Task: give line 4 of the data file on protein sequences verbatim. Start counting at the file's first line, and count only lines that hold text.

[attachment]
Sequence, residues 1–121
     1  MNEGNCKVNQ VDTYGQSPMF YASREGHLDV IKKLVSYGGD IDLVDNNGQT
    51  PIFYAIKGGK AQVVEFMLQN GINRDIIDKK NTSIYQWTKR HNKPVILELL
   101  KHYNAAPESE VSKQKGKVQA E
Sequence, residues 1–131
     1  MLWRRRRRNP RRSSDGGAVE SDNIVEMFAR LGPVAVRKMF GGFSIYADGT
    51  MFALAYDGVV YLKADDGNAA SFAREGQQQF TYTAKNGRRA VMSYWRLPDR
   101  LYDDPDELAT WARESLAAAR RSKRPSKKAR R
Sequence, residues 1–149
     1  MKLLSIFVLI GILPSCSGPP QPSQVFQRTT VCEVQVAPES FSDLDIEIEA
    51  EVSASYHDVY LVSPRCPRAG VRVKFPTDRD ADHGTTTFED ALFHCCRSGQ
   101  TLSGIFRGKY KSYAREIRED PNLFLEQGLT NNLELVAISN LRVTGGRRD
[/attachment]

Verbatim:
   101  KHYNAAPESE VSKQKGKVQA E